Glencore UK subsidiary ordered to pay $310 mln over bribery

The logo of commodities trader Glencore is pictured in front of the company's headquarters in Baar, Switzerland, July 18, 2017. REUTERS/Arnd Wiegmann/File Photo

LONDON, Nov 3 (Reuters) - A British subsidiary of mining and trading group Glencore (GLEN.L) was ordered to pay a total penalty of 276.4 million pounds ($310.6 million) in a London court on Thursday for seven bribery offences in relation to its oil operations in Africa.

Glencore Energy UK Limited was ordered to pay a 182.9 million pound fine by Judge Peter Fraser at Southwark Crown Court, who also approved a 93.5 million pound confiscation order.

"This is a significant overall total," the judge said. "Other companies tempted to engage in similar corruption should be aware that similar sanctions lie ahead."

The judge said the offences to which Glencore had pleaded guilty represented "corporate corruption on a widespread scale, deploying very substantial sums of money in bribes".

He added: "The corruption is of extended duration, and took place across five separate countries in West Africa, but had its origins in the West Africa oil trading desk of the defendant in London. It was endemic amongst traders on that particular desk."

On Wednesday, Britain's Serious Fraud Office (SFO) told the court that Glencore Energy UK Limited paid – or failed to prevent the payment of – millions of dollars in bribes to officials in the five African countries, Cameroon, Equatorial Guinea, Ivory Coast, Nigeria and South Sudan.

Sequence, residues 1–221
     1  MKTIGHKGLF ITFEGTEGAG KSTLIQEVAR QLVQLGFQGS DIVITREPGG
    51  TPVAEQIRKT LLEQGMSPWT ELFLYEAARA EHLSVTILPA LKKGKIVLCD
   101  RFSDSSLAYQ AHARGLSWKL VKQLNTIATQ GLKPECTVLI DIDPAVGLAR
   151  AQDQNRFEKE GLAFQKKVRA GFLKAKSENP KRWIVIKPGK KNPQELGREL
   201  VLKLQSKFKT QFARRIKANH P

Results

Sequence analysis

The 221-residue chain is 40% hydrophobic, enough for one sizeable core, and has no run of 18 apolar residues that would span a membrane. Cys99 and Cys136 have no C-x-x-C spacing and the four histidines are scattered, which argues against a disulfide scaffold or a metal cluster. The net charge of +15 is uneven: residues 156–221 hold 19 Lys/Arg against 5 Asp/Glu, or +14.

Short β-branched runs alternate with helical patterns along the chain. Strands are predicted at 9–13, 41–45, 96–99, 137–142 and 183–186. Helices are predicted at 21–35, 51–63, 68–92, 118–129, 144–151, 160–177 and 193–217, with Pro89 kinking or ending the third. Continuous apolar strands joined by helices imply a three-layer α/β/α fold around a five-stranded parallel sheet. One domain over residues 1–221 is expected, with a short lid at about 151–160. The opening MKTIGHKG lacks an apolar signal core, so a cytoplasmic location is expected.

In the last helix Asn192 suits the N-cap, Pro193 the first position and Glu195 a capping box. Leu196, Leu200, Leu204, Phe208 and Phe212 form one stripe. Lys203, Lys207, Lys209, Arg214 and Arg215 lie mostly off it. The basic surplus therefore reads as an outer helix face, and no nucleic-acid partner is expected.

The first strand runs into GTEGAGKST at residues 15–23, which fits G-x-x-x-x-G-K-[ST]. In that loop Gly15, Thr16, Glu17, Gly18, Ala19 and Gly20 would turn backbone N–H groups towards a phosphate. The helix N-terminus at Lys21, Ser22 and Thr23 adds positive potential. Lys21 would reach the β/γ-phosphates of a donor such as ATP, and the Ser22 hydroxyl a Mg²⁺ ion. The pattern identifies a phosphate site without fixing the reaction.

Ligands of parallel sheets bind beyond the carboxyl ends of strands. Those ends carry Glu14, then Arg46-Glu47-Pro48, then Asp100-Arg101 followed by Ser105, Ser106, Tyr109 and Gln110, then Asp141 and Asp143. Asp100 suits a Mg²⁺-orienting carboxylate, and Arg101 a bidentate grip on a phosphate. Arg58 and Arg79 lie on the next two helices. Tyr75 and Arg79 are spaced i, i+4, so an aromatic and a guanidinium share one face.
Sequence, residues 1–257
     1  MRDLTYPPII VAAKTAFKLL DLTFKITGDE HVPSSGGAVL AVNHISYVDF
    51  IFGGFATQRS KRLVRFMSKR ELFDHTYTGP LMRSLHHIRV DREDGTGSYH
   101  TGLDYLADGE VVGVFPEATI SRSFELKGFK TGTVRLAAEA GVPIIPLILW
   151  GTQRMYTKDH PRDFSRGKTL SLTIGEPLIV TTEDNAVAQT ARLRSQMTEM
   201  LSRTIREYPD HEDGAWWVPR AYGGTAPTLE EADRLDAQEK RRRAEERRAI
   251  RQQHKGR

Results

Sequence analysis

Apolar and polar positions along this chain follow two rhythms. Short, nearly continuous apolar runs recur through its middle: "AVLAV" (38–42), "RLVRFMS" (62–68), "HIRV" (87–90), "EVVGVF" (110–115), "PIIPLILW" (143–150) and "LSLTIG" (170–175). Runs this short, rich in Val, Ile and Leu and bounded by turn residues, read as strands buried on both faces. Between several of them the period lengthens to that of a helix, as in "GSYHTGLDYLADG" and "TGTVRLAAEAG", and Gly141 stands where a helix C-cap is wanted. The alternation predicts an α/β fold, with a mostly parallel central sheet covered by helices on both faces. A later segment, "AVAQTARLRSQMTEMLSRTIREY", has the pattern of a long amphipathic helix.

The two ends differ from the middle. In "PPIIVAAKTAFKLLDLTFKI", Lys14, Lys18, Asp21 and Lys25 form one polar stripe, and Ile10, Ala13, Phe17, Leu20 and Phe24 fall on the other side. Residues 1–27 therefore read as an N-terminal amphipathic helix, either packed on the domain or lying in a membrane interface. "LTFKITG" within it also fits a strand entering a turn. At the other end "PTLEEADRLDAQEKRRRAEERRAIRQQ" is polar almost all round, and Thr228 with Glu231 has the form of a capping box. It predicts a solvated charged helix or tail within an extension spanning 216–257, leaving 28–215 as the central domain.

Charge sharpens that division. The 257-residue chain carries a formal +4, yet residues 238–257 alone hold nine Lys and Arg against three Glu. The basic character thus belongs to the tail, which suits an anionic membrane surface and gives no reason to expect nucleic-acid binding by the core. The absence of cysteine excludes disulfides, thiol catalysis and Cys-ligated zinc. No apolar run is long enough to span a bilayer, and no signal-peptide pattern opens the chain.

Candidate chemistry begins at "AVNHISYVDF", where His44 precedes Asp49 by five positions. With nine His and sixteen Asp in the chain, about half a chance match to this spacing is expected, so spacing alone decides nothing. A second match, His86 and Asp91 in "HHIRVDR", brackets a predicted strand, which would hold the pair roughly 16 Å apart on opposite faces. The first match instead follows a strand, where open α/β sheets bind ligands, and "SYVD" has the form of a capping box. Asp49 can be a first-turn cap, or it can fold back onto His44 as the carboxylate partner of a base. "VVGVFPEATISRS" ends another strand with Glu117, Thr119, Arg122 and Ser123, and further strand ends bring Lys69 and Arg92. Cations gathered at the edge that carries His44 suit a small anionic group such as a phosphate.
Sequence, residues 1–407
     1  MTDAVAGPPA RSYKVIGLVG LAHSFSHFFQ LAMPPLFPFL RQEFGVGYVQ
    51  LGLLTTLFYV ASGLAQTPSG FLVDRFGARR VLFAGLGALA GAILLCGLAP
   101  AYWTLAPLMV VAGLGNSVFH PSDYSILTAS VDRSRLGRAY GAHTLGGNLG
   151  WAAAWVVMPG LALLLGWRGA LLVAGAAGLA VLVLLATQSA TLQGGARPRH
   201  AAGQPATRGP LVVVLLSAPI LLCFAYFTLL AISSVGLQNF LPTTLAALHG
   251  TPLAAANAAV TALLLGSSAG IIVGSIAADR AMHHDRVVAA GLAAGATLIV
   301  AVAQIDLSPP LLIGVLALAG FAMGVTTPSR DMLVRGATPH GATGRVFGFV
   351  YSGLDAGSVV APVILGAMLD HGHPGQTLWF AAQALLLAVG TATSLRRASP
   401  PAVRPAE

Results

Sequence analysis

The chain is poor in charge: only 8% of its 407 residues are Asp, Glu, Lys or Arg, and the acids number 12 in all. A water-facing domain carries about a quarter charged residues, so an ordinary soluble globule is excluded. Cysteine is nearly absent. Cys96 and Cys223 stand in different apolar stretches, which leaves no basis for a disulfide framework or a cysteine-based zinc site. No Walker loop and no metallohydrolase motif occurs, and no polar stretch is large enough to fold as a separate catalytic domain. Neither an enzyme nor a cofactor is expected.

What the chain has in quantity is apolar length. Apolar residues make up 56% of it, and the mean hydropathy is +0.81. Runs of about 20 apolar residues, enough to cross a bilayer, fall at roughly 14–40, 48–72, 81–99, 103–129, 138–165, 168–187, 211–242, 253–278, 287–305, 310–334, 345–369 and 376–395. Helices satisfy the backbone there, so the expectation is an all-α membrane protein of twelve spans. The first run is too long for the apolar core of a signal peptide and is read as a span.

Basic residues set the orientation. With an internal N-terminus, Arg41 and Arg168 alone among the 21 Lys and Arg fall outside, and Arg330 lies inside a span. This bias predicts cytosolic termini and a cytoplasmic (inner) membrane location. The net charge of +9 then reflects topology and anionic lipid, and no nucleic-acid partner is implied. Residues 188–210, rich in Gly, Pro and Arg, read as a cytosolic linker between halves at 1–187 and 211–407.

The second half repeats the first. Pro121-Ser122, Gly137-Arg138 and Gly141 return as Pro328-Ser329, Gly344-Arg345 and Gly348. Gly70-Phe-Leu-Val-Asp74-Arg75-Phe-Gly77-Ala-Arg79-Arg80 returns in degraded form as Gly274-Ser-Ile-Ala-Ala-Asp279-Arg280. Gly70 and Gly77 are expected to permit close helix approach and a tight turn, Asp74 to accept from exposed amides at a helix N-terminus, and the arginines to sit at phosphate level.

Employees and agents of the company used private jets to transfer cash to pay the bribes, prosecutors said.

The UK subsidiary pleaded guilty in June to the seven bribery offences.

Glencore, a Swiss-based multinational, said in May it expected to pay up to $1.5 billion in relation to allegations of bribery and market manipulation in the Brazil, Britain and the United States.

Clare Montgomery, representing Glencore, said: "The company unreservedly regrets the harm caused by these offences and recognises the harm caused, both at national and public levels in the African states concerned, as well as the damage caused to others."

Judge Fraser said in his sentencing remarks: "Glencore has engaged in corporate reform and today appears to be a very different corporation than it was at the time of these offences."

Glencore’s Chairman Kalidas Madhavpeddi – who attended the two-day sentencing hearing – said in a statement: “The conduct that took place was inexcusable and has no place in Glencore.”

Glencore has "engaged in an extensive programme of corporate reform," the blue-chip company said in the statement.

The company also said that the sentencing “fully resolves” the investigation by UK authorities and that the aggregate payments to resolve investigations in Britain, Brazil and the United States "do not differ materially from the $1.5 billion provision recorded in Glencore’s FY2021 results".

Sara Chouraqui, joint head of fraud, bribery and corruption at the SFO, said outside court that the penalty “sends a message [about] the seriousness of the offences and the fact that the SFO is determined to prosecute criminals, regardless of the complexity and of the type of actors”.

Reporting by Sam Tobin, additional reporting by Muvija M; editing by William James and Barbara Lewis

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